Maryland Lt. Gov. Boyd Rutherford and Baltimore Mayor Brandon Scott will co-chair the effort to bring the FIFA World Cup to M&T Bank Stadium in 2026, calling the bid a “strategic priority” because of its potential economic impact on the state and city.
They announced their partnership Thursday on the field where World Cup games would be played in five years, touting the existing infrastructure around the stadium as an advantage over other North American cities bidding for the event.
“FIFA can have total and absolute confidence in Baltimore to deliver technically perfect World Cup matches that will have wide-ranging community benefits on and off the field,” Scott said. “We can do this here, we can do it now, and we can do it better.”
Rutherford called the World Cup bid a “unique opportunity to showcase our city and state on a world stage.”
Representatives for FIFA, the body that governs international soccer, will visit Baltimore sometime between mid-September and late November to tour the stadium and hear a fuller version of the pitch that state officials initiated at a virtual meeting last year. Host cities are expected to be announced by late winter or spring of next year.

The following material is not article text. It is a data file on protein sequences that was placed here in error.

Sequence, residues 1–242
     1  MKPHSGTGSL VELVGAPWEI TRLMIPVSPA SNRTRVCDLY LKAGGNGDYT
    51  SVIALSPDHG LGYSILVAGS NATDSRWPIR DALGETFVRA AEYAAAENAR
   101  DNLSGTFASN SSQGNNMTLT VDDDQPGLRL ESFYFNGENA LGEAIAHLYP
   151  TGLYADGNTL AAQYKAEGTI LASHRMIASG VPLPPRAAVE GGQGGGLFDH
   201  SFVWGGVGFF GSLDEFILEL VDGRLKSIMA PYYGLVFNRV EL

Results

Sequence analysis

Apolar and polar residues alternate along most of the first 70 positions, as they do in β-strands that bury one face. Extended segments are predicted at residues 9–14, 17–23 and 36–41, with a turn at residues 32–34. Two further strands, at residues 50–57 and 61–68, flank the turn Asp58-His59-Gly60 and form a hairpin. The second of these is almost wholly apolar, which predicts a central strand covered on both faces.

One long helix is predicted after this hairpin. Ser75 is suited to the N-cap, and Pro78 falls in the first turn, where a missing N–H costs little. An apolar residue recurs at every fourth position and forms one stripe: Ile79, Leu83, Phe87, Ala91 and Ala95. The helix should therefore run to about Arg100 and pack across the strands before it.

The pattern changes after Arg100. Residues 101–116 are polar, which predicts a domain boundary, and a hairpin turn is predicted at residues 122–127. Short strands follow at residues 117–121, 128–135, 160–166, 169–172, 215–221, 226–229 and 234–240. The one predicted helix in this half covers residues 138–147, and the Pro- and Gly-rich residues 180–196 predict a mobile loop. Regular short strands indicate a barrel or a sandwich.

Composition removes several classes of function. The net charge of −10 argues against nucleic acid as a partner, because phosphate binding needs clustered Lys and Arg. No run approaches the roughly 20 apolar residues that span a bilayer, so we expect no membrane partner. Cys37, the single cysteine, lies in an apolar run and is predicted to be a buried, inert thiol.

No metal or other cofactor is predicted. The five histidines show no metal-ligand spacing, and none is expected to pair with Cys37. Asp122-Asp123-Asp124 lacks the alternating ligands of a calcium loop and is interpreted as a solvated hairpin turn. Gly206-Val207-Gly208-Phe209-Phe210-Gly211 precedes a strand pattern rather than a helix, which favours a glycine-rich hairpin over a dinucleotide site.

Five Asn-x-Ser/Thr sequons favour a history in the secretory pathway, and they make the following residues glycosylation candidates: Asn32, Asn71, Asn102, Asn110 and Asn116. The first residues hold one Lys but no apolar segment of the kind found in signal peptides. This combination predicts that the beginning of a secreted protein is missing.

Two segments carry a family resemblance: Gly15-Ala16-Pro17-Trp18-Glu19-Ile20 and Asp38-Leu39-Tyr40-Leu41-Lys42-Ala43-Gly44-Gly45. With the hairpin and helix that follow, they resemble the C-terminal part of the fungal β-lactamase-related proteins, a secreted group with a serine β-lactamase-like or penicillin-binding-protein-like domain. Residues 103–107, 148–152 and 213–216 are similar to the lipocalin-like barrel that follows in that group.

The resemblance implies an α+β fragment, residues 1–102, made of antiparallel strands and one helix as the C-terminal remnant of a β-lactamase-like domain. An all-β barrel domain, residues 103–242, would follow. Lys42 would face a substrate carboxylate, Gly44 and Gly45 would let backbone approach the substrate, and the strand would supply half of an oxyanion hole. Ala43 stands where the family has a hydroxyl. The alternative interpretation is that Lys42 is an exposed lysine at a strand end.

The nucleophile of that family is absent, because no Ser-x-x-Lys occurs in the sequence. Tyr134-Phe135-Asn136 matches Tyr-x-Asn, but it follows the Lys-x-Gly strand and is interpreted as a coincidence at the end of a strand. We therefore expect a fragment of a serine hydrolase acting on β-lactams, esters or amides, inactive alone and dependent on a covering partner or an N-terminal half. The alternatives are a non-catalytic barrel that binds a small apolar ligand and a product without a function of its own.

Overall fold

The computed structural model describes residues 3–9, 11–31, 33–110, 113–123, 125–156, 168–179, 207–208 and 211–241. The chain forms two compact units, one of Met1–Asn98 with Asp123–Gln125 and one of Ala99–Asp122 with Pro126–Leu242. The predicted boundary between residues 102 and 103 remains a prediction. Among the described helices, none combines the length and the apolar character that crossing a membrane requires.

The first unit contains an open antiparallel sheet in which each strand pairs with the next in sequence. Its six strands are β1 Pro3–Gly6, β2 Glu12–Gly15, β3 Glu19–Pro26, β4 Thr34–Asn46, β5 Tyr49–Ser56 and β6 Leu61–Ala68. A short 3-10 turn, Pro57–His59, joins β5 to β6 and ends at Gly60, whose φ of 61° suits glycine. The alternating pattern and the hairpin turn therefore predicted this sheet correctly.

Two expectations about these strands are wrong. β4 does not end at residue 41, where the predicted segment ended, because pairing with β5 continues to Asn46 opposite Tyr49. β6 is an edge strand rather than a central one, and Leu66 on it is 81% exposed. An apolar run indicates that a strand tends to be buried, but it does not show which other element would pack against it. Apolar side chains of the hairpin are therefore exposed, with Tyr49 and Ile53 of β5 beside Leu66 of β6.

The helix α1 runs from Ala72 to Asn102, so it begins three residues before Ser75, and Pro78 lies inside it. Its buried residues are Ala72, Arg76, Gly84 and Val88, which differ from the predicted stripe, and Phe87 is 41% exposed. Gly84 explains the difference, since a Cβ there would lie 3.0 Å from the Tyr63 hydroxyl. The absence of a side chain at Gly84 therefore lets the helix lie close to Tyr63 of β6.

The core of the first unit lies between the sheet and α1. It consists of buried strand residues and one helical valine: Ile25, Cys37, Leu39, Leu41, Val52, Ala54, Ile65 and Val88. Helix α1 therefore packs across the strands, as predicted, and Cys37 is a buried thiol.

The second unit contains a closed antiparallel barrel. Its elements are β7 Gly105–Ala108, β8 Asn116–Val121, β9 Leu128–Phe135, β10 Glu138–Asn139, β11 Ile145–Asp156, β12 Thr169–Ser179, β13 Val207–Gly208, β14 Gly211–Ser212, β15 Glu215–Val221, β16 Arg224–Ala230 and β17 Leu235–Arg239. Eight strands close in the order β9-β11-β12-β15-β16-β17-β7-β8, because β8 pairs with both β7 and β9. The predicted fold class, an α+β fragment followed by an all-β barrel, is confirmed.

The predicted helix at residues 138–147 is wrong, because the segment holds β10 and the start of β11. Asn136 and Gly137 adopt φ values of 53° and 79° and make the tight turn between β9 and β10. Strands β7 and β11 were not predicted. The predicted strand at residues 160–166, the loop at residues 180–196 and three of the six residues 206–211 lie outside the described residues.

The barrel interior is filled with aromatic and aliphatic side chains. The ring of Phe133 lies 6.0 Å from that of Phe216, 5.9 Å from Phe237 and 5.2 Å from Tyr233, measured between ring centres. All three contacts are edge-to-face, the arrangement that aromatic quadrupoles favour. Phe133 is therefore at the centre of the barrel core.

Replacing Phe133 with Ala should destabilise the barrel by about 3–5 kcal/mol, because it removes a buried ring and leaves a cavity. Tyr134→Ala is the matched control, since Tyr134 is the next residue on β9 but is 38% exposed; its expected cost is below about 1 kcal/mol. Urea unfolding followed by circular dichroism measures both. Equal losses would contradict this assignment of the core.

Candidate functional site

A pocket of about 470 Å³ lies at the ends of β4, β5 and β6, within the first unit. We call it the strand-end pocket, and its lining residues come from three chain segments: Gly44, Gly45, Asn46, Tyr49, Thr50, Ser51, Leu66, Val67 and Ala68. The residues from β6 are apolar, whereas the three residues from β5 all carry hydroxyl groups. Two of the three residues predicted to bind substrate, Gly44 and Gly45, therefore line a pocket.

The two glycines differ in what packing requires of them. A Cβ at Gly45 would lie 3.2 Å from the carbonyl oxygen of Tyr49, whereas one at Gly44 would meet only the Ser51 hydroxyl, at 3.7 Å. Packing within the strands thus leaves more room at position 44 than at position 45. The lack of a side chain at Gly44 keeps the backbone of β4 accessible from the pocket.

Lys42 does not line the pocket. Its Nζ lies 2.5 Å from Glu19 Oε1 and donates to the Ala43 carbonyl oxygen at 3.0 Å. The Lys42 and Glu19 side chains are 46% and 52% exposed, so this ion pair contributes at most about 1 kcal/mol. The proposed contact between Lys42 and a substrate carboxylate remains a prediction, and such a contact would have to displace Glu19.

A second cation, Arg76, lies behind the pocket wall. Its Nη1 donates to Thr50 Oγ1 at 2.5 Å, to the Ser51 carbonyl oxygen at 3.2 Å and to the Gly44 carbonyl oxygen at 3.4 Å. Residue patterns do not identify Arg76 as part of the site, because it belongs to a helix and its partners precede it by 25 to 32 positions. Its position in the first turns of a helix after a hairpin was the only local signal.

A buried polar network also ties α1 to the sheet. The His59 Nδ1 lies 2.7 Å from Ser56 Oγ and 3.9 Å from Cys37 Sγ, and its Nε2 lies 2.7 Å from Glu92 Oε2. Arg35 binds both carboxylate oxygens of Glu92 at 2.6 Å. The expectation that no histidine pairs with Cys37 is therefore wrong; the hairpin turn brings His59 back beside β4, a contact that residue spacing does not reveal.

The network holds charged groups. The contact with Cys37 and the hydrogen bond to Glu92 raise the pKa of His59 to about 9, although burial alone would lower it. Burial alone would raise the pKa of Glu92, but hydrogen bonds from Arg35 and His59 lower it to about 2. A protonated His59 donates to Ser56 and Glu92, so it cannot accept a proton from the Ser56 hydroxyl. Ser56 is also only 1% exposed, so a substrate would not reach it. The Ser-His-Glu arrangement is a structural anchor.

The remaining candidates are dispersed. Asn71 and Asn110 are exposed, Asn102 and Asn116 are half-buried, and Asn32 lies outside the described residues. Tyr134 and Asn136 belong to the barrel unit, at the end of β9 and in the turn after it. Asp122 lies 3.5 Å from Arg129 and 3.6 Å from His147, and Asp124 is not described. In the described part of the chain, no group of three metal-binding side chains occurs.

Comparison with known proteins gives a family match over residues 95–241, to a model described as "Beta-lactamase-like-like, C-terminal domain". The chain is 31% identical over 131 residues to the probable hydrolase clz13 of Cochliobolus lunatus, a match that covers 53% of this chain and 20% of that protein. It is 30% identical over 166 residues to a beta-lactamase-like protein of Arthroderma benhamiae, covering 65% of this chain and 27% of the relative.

Baltimore made the initial list of 23 potential sites for the 48-team event in 2018. Washington, which hosted World Cup games the last time the event came to the U.S. in 1994, is also on the list, which will be narrowed to 16 cities.
Baltimore could host between five and seven games over the course of the 30-day event and would also serve as home base for several national teams and their fan bases.
If successful, the bid would cost the state and city “under $100 million” but could create “in excess of $300 million” in economic impact, said Terry Hasseltine, president of the “Baltimore 2026” campaign.
Rutherford and Scott said the effort would include transportation improvements and the development of youth programs that would continue to benefit the Baltimore area after the games are over. Scott called it a “catalyst for how we will continue to grow and improve our city.”
Ravens president Dick Cass also spoke at the event Thursday, saying M&T Bank Stadium would require “very few modifications” to host the World Cup but added that the team is committed to working with the Maryland Stadium Authority on any necessary upgrades.
“We need to get behind this,” Cass said. “It’s important to our city.”